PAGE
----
Scan any Lincoln classifieds or look into any books of such cars. You may think the Mark III and IV were the main cars the marque turned out in the mid Seventies. If we will base it from the sales figures, they almost were. Only 10,408 Continental cars were manufactured in 1972. While for Mark III cars, there were more than 45,000 units sold. That was a decent year for the Continental.
Marks did a little better compared to Continentals for 1972. It’s because Mark IV was new in the eyes of the public. Since the Continental was first launched in 1970, only a couple of minor changes were made. Both cars were not cheap but the Continental cost at around $7,000 in 1972. That is $1,500 less than the Mark IV.
The entire line was significantly surpassed by Cadillac, as it had always been. As Bob Blevins of Yuma, Arizona says “Every time a Continental Coupe sold, nine Coupe de Villes went out the door.” He is the owner of a Lincoln car right above. Even during 2009, the Mark IV was an attractive collectible, unlike the Lincoln which remained not in demand.
And, it is just hard to accept that.
This car has ultra-long hood and rear deck lid. You can also notice that it features a low greenhouse and recessed seating position in it. This is just enough to describe the car as beyond elegant. Furthermore, Lincoln has a typical subtle, complimentary color schemes.
If you are planning to buy a 1970-’74 Lincoln, it is most likely that your choice will be based on a car’s aesthetics, colors, and options. You should keep this in mind that on top of all the said considerations, the car’s condition should matter the most.
Generally, there’s only a few vintage Lincoln on the market. This is because these cars have been affected by the oil crisis during late 1970s.
If you are searching for a large luxurious cruising vehicle, only few cars can equal the Lincoln.
During that time, the engine in the Lincoln lineup was the 460-cu.in. V-8. For 1970-’71, the Continental V-8 produced a generous 360- hp. Also, there had been a change in the net rating and smog controls. The compression ratio has to be lowered from 10.1:1 to 8.5:1. That is why, its power rating dropped to only 212 hp back in 1972. Looking on the bright side, the engine can readily be used with regular gas rather than the premium.
The only transmission present throughout the run of Lincoln Continental cars was the Ford C6 3-speed automatic. This was already used in Lincolns way back 1966. It was also used among the Ford car and truck lineup during the 1990s. All parts can be found everywhere and all the transmission shop repairs on a regular basis. Also, they are very dependable and upgradable.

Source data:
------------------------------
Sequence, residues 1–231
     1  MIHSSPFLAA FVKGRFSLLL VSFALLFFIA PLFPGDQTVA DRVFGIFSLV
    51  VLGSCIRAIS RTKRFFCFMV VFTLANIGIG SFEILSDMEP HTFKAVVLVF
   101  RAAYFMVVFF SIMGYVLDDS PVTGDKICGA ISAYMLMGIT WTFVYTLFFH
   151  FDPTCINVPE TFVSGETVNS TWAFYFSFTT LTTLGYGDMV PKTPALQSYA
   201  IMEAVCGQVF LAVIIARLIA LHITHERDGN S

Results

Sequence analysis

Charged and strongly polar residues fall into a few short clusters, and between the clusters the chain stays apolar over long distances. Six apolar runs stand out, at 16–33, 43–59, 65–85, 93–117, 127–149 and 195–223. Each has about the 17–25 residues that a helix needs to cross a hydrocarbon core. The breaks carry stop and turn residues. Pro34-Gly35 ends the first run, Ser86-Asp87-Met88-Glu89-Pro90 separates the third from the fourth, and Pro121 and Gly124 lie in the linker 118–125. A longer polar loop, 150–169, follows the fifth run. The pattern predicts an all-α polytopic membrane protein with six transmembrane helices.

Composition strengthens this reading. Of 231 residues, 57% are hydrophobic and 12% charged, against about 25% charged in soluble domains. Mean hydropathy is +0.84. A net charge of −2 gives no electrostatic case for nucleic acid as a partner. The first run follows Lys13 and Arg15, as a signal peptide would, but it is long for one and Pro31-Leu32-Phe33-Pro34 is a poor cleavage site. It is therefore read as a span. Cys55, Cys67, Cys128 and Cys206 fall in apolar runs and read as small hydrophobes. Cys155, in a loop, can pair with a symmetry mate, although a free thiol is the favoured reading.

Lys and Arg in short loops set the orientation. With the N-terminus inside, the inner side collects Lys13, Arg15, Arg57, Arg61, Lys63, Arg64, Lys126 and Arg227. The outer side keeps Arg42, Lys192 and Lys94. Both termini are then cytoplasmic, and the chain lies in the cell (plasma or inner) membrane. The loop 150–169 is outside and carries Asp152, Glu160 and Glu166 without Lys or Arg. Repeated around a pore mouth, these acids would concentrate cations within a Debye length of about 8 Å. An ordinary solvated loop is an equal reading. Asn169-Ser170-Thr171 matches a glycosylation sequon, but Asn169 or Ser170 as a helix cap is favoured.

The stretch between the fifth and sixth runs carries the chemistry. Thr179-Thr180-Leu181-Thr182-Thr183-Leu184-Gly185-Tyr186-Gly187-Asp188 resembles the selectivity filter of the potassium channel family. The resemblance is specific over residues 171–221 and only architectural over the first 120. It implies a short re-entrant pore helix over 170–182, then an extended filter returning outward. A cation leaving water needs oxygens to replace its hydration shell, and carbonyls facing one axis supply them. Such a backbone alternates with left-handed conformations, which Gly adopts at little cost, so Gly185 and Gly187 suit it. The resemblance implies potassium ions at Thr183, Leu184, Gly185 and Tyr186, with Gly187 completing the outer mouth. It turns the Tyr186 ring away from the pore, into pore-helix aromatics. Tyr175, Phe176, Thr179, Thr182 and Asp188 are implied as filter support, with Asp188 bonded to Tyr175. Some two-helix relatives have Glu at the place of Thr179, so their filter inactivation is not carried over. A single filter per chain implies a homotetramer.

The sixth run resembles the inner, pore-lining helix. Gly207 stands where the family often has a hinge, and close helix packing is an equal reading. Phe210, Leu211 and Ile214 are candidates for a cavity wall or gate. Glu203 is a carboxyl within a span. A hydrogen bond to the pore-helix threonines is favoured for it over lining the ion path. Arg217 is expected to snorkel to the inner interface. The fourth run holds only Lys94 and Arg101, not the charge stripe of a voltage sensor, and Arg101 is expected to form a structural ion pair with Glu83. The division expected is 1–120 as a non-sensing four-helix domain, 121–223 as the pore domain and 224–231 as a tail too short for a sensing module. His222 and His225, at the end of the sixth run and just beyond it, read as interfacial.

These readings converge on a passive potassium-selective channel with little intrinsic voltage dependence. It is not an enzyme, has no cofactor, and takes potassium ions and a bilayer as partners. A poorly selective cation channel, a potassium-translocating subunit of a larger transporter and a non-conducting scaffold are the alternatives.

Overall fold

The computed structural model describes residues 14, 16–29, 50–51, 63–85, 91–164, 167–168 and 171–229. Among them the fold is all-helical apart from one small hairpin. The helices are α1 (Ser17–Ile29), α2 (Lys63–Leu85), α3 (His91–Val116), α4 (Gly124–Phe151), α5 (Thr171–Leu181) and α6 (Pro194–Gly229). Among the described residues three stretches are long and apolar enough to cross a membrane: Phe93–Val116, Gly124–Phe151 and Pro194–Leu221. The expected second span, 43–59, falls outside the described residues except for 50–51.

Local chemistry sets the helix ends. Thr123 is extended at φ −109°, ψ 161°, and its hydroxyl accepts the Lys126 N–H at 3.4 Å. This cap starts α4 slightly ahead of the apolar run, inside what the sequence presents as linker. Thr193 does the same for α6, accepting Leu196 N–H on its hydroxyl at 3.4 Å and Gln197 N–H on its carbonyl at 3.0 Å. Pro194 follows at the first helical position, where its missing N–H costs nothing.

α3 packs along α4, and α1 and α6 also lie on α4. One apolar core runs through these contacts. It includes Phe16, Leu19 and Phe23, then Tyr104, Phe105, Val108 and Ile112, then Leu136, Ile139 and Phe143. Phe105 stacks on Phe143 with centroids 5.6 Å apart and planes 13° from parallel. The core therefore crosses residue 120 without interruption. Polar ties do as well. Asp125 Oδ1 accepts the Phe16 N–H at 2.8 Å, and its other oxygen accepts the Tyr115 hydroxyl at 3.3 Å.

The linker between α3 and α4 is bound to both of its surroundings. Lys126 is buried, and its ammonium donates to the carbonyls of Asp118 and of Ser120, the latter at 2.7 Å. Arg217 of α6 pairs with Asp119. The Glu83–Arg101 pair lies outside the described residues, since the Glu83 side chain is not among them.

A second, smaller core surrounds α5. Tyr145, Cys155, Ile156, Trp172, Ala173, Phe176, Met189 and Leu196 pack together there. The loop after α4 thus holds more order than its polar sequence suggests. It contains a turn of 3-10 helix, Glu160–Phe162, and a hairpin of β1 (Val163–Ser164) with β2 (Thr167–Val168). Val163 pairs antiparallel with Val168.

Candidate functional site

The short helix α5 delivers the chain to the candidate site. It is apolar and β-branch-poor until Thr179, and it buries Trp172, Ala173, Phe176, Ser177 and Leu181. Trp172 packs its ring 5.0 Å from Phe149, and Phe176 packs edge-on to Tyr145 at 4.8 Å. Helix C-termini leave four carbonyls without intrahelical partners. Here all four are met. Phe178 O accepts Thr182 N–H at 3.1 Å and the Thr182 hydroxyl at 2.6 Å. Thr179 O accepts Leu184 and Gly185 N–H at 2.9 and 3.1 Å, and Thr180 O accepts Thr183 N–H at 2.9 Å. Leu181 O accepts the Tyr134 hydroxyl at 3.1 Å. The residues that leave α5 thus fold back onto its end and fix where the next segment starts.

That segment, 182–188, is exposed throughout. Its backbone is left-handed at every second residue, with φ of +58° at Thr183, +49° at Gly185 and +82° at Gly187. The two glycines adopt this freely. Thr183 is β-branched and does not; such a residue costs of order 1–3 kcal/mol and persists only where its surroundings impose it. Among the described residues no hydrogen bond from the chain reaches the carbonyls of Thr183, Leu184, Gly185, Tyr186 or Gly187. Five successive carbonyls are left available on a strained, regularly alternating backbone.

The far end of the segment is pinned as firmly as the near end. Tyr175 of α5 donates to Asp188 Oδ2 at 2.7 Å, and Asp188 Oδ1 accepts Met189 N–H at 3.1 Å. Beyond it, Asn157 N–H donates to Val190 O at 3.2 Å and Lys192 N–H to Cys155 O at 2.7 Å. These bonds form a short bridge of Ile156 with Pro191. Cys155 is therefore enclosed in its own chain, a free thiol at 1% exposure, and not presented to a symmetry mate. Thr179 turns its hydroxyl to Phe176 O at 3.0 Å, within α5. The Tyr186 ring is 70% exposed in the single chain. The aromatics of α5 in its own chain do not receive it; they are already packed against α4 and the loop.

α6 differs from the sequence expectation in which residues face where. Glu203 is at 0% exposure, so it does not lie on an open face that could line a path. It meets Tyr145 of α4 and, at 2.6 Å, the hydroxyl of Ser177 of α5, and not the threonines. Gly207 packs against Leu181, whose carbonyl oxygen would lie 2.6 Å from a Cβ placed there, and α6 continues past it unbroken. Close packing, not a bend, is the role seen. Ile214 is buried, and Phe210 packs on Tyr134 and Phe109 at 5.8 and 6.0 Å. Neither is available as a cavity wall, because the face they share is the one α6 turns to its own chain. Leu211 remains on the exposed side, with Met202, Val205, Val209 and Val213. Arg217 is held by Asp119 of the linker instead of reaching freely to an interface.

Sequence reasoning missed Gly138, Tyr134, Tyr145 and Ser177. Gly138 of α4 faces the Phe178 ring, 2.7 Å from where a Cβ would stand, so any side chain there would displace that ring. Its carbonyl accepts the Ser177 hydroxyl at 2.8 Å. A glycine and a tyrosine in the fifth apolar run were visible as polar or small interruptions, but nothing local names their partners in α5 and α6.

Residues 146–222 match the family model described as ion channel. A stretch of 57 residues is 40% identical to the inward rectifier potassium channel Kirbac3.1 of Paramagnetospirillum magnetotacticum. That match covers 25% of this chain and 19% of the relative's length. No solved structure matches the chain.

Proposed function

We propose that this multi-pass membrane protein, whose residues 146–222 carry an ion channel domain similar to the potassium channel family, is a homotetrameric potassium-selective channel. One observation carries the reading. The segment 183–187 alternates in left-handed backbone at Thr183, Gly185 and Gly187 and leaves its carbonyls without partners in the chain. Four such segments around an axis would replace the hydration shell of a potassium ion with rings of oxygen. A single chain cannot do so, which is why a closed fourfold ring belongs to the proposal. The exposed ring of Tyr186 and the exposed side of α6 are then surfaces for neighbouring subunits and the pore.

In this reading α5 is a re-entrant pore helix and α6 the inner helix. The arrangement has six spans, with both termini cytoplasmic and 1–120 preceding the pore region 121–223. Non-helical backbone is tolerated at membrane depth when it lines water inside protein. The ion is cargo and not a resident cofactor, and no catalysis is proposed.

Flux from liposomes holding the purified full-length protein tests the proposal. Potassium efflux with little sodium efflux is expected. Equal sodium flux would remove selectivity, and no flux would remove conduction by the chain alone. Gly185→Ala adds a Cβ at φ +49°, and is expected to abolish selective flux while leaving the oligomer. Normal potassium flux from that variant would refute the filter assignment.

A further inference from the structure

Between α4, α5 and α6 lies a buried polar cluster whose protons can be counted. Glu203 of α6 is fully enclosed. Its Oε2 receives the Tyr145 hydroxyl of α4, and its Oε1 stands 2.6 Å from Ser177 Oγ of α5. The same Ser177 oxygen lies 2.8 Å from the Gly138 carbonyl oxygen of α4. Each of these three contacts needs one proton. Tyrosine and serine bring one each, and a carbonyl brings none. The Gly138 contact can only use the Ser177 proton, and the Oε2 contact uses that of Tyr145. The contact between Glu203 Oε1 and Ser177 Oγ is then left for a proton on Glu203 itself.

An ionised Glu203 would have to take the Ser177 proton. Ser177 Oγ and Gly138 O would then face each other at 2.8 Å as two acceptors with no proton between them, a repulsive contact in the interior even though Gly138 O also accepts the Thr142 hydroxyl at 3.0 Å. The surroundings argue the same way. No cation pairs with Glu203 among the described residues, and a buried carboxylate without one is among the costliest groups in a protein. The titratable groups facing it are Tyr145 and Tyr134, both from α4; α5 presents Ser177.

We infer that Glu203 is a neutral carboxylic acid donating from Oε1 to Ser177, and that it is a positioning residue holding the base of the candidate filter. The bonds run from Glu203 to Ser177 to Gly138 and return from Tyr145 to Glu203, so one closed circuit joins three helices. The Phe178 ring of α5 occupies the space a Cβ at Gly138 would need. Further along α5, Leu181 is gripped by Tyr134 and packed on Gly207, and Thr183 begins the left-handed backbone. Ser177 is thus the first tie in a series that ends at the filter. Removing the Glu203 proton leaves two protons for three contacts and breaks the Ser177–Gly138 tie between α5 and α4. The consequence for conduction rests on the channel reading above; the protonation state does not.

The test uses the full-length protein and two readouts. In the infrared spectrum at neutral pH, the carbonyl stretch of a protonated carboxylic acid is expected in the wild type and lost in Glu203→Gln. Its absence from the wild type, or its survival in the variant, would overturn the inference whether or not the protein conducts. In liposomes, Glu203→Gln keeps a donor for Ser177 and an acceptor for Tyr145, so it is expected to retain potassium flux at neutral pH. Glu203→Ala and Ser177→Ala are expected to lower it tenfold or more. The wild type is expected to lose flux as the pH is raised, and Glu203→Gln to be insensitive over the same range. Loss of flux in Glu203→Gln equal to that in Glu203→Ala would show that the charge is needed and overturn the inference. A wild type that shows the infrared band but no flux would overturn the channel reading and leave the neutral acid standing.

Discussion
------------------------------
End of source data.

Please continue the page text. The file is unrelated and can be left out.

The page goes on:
The two very alike rear differentials that were used in Continentals were a 9 1/2-inch through 1972, and the standard Ford 9-inch from 1972. The two of them were same 10-bolt units which could be confusing because of their same housings. The difference which sets the other apart was the “WGA” that is stamped on the 9 1/2.
The Ford 9-inch differential is the hot rodder’s choice for a single reason. This is because during normal driving, they are practically unbreakable.
Suspension And Brakes
There should only be minimal worries regarding the suspension. It’s a conventional independent front/solid axle rear design. There’s an anti-roll bar up front and transverse stabilizer in the rear. This helps make the big car corner to be relatively flat. One should be aware of the sagging coil springs though.
The necessary brakes were 11.72-inch front discs and 11-inch rear drums.
Wheels & Tires
Michelin radials were standard equipment, 225R-15 wide whites, or no-cost optional JR70-15, on conventional 15-inch steel wheels with a few optional wheel covers available.
From an Owner’s Point-of-View
Bob Blevins says that his Lincoln car boasts incredible power, a large trunk and a quiet ride. That’s why this is perfect for long trips. It is over 5,000 pounds and 19 feet long without the giant bumpers. He liked the dashboard, its interior and semi-fastback look and especially that the quality is great.
Reference and Photo Credits